You need stress, but not too much stress.  You need to aim at the right target and push yourself, but not push your self too hard.  This is especially interesting for how we are to push our children, and the data that Terman found.

Pushing a child too hard seemed to plague a child through their life.  The data basically shows that when a child was pushed hard to read early and to enter school early, the child started down a path of inappropriate stress.  In the data, there were parents that determined that they were going to “push” their children to do better or shoot higher.  This unfortunately means that these children were always working slightly beyond their ability, and this unfortunate “head start” turned in a path that generally was not helpful over the entire life of the child.

Living the carefree life, or as they call out in their myth questions “play more golf,” does not make one live longer.  We were made for stress, and the very simple example of this is apparent to anyone that has ever tried to get into shape:  too much rest does not result in a healthy body.In all things balance, and balance in all things.  Pushy parents only hurt their children.  Having periods of good stress and good rest results in very good health.

As a general principle, the key to a strong body is made up of cycling.  You run, bike or lift weights.  This does not make you stronger.  It tires you out.  Once you are tired out, the body comes back and rebuilds the body stronger.  You need the stress and you need the rest.  It is only when these two things are present, does the athlete get better.

Finally, the key for good life also means that you have some type of social support structure.  The subjects that were studied were tied to their own time, and I can see this come out in the book.  For most of these subjects, the man was expected to go off to work and bring home the bread.  It turns out that in this environment, husbands looked to their wives to give them the support that they needed to thrive.  So, it turns out that a happy marriage really helped husbands live longer.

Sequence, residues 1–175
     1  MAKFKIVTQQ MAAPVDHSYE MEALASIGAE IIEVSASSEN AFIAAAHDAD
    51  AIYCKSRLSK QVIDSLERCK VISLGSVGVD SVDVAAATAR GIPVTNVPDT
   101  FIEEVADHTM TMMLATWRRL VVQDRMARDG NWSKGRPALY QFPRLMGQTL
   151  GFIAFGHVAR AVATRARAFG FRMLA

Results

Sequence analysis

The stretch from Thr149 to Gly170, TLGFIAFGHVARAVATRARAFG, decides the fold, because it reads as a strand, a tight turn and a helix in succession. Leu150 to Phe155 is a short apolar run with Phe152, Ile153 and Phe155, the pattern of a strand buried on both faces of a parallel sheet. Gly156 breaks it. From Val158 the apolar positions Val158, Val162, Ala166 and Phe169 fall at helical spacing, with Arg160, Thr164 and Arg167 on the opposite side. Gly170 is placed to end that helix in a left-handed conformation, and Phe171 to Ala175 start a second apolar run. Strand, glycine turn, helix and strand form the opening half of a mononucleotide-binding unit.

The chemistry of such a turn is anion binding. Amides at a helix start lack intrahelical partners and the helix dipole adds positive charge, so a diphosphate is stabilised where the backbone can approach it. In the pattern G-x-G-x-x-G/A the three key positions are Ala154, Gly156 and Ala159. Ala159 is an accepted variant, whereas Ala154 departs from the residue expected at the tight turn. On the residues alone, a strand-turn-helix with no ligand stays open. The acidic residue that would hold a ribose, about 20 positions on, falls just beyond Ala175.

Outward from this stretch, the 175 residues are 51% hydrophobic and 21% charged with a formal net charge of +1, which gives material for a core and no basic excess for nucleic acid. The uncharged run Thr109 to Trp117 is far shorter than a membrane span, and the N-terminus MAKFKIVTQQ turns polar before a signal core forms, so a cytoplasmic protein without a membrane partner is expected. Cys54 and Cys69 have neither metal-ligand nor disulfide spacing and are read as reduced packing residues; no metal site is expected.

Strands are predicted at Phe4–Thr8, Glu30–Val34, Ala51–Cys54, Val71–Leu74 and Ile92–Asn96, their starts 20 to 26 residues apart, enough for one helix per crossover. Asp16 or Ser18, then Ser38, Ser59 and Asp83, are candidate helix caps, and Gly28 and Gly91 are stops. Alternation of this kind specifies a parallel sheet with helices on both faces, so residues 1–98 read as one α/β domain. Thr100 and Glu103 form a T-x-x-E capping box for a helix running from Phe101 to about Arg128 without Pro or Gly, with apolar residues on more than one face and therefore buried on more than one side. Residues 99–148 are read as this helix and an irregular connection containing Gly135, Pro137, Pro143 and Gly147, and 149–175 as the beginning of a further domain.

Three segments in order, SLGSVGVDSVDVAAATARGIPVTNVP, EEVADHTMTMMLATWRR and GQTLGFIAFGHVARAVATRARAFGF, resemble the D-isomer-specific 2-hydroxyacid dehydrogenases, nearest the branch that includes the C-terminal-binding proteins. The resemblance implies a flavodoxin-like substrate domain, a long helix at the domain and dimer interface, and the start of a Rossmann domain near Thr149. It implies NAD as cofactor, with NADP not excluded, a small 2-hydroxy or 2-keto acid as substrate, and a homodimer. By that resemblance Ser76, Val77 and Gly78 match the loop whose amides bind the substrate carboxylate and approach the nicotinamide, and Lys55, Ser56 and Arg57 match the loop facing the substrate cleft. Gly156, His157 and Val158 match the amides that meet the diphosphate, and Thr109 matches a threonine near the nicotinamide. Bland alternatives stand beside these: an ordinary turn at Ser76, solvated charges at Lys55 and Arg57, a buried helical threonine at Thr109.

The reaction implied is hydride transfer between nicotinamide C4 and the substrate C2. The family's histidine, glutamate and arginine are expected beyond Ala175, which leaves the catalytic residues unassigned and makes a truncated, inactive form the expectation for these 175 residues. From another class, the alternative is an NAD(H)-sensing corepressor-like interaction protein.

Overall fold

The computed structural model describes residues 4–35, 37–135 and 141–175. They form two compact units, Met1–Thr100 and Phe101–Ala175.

The opposite was not true for the wives.  In general, women of this age had more ability to gain enough social support outside of the marriage to be healthful.  This has been documented many places outside of the book, and should be no surprise to anybody that has read this type of literature before.  You do not need a thousand friends.  You do not need to have “soul mates.”  What you need is a set of good relationships and friends that will support you, and where you feel a sense of belonging.  Many men that lived long lives found this environment with their wives.  Unfortunately, these men also tended to die quickly once their wives died.

The logical next step in this train of thought and research is to ask “what was the exact behaviors that the conscientious had.  I think it is obvious:

a. They would eat the right stuff and not smoke or do other damaging activities

b. They would stay physically active because the knew it was good for their outlook

c. The would schedule Doctor appointments

d. They would know that having a set of friends was simply part of having a good life

The point is, however, the conscientious person will do this naturally and gravitate toward this behavior.  They will build up a schedule and a life style that results in a long life.  Those that aren’t this way, simply ignore the warning signs.

The ultimate question is “how do I become more thoughtful in the way that I live life.”

I personally, for one, hope that you read my blog and apply its principles.